Puff, puff. Cough, cough. Hack out my lungs.
Gather ‘round the bubbling bong water kids, today is the long but not forgotten tale of my first time smoking the weedies (aka da mari-juh-wanna).
I was eighteen and midway through my spring semester of college. The air was crisp and the sun was warm. I could feel my depression slowly melting away. I had been living with it for years but now that I look back on it, I can’t pinpoint exactly when it started. All I know is the feeling, that feeling that you cannot hide from. That booming voice in your head stuck on repeat. The tears that seep into the surface of your cheeks for some incomprehensible reason. The invisible plaster that glues you to your empty house away from everyone and everything. The hate that echoes deep into your core and soon into your very being.
But these days, the days wedged somewhere into my second semester of college, I was feeling less of it. Less of that nagging voice, less tears, less emotional outbursts, less like I wanted to die. To be honest, I was finally feeling like a human being again.
I had finally made a friend. Actually, he was a childhood family friend whom we had lost touch with. On my first day of my second semester in my Spanish 3 class I unknowingly sat behind him. He turned around, “oh my god, I can’t believe it’s you!”
I looked at him for a minute or two and then realized who he was. “Airy?” I asked in disbelief.
He got up from his chair and gave me a huge hug. I hadn’t seen him since I was six or so. He was a few years my senior and had always treated me like a little sister. His presence eased my nerves and insecurities.
Our semester carried through and Airy told me all about his adventures and his girlfriend and their bohemian lifestyle. I had never known someone so free, so secure in the ebbs and flows of the uncontrollable world. I wanted to be like that, be free from my self-judgments and insecurities.
Somehow, somewhere, some time, Airy invited me to smoke weed with him and his girlfriend. “You wanna come over to my place after class and you, me and Luz can smoke?” He offered without pushing the subject. I had never smoked before.
“Uh I’m…I…I’ve never smoked before.” I hesitated.
“You’ll love it. No pressure of course but I thought you’d like to spend the day with me and Luz.”
It was like he knew how lonely I was outside of that class. I agreed not because I was scared of what he would think of me if I said no but because I was following through with my self-imposed New Year’s Resolution of “going bold” which meant trying things that I would otherwise be too scared or too judgmental to do.
I trailed behind him in my beat up car that my deadbeat dad had given me. We wove in and out of traffic heading South to his beach home. We parked. We walked up the stairs to his second story apartment. We sat around the old vinyl-topped kitchen table. We waited for Luz. She knocked. She walked in. She sat. Airy packed a bowl. I waited. I screamed in my head. Airy took a hit. Luz took a hit. And I? I couldn’t figure out how to take a hit. The piece was passed back to Luz. She held it for me, positioning her fingers just so. Airy flicked the lighter, hovering it above the charring greens. I circled my lips and inhaled. Deeply. Like it was the first time I was breathing. My throat was burning. My lungs caught fire, as though the charred bits of smoke were trying to burn their way out of me. I held it. I watched them as they reassured my absence of breath. Kumbhaka. I exhaled.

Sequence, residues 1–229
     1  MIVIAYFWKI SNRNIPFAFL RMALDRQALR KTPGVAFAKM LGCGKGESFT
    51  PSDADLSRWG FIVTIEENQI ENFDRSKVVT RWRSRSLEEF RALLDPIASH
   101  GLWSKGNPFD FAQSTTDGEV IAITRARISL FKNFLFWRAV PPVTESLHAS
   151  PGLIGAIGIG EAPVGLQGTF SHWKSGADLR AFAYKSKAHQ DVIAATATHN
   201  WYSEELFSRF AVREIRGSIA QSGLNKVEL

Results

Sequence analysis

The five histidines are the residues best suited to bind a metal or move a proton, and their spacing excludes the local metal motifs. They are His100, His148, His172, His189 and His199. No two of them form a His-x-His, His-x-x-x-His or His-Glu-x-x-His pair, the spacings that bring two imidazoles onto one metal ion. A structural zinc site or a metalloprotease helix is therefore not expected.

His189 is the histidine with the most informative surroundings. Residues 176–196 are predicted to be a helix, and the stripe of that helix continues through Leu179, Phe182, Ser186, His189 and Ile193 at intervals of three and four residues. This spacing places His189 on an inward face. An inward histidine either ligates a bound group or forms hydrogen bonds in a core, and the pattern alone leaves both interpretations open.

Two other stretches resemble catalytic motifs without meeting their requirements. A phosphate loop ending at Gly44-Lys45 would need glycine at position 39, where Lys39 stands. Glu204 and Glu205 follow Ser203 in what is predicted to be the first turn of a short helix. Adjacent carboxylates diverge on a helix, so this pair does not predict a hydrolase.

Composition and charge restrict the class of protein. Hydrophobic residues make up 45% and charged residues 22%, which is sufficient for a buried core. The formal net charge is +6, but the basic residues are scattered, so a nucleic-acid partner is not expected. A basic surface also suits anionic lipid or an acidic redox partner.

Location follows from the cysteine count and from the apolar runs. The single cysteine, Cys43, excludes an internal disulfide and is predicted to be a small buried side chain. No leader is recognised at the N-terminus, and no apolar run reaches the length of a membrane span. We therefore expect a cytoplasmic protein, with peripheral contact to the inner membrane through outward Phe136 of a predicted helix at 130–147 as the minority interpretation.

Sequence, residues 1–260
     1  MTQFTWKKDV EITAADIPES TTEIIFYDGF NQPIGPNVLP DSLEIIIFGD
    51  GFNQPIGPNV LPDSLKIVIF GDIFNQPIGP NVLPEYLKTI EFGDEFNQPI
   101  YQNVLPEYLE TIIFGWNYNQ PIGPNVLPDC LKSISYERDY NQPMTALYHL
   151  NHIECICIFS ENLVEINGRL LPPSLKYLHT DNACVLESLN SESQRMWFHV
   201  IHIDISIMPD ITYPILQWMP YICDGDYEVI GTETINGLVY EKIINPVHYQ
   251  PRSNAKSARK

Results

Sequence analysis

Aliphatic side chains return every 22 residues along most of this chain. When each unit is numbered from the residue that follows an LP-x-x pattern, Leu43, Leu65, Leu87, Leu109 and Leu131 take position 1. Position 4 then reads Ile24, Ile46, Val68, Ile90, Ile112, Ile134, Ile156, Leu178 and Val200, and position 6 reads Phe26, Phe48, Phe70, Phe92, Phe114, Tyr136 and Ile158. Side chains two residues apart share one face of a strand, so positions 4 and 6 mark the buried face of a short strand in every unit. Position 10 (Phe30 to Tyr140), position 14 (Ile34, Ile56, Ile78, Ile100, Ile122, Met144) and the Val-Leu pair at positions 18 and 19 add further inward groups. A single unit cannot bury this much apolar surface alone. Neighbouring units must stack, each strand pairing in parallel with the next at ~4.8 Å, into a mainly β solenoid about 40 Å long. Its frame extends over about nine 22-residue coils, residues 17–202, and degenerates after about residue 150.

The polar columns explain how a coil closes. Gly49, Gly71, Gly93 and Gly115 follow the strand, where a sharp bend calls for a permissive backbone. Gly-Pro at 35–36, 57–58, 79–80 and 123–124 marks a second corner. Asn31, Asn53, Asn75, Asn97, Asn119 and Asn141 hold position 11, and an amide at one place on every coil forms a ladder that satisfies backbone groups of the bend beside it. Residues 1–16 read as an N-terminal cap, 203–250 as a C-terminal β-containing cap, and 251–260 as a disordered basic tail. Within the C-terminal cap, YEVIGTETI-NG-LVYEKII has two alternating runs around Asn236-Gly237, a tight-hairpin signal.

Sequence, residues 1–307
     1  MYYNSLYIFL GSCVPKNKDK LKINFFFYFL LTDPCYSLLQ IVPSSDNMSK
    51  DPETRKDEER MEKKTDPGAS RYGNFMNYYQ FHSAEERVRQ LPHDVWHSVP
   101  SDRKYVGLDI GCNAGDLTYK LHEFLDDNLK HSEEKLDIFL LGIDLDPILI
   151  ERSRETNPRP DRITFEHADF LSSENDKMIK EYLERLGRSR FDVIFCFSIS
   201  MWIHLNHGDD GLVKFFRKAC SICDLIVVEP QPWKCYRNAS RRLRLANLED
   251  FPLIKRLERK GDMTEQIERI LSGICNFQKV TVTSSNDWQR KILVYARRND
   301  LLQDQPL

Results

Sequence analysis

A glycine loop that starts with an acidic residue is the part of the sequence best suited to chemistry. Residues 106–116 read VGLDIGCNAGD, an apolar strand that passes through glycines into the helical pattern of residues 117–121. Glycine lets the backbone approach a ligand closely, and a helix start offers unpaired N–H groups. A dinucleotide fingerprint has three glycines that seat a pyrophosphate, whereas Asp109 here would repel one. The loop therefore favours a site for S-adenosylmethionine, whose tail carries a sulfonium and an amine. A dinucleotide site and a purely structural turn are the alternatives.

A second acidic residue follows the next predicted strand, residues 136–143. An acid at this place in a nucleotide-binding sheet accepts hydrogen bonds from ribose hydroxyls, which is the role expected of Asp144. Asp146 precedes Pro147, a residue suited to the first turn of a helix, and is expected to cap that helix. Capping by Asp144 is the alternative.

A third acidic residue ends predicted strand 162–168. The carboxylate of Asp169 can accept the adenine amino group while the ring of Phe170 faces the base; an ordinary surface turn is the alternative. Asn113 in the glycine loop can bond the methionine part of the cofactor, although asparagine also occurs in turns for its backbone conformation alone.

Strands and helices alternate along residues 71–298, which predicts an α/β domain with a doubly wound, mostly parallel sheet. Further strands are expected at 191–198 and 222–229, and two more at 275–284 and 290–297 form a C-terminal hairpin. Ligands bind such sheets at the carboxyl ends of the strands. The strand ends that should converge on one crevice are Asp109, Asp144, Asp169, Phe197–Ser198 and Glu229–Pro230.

The smoke floated out, taking my fleeting breath with it. I couldn’t catch it. I gagged trying to suck air back in. But breathing only made me gag harder. My eyes watered and my coughing percolated the saliva in the back of my throat. I was slowly beginning to unwind. Each and every gagging cough brought me further away from reality, further away from their voices telling me not to be embarrassed. And then, it stopped. All of it.
“Let’s ride bikes,” Airy swayed.
We floated to the carport under his apartment. Unlocking their bikes and rolling a rusted-clunker-of-a-bike to me. I grabbed it. My mind was a quieter version of me but my body felt like I was only temporarily inhabiting it.
I swung my leg over the seat and sat. They were already halfway up the hill. The bike was so heavy. I pedaled.
Lethargic. I reached the top of the hill. I could hear their gleeful screams cascading down the waterfall of asphalt that was rushing in front of me. I pushed the pedal toward the earth. My bike went soaring down the dismal abyss of asphalt that anchored my ancient bike to the earth. I yelped a yelp that I had never yelped before. I felt free––a first in forever.
We rounded the corner. Pedaled a couple pedals more and landed our rocket ships in the Starbucks parking lot. Both Airy and his girl were in familiar waters but I, I was on a strange planet that I had never explored before. Our feet launched us into the stale, burnt coffee bean smell of Starbucks. We ordered, speaking the native language of the people that surrounded us. They could not know that our minds were aliens from planets far away. Nonetheless, they glared at us suspiciously as we sipped our lattes in the corner.
Slurp and our drinks were gone, pouring us down the street back to our ships. Airy was the captain. He led the way. Onward and upward we would go, over the hill and to the edge of the earth he declared. So onward and upward we followed, all the way to the edge.
He guided us through some rough terrain that bobbed our bodies just so and stopped us just where he said. And it was on foot that we walked the hundred plus yards that remained and it is this that shall be forever ingrained: it was here and there and everywhere, at the edge of the world where I found my heart again.